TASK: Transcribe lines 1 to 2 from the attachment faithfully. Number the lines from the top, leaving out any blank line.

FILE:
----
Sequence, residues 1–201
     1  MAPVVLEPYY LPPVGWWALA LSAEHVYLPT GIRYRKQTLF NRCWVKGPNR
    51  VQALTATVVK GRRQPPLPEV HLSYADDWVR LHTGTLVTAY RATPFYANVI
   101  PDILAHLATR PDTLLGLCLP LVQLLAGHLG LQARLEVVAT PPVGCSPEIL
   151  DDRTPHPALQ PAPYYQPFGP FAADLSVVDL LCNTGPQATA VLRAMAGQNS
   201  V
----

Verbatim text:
Sequence, residues 1–201
     1  MAPVVLEPYY LPPVGWWALA LSAEHVYLPT GIRYRKQTLF NRCWVKGPNR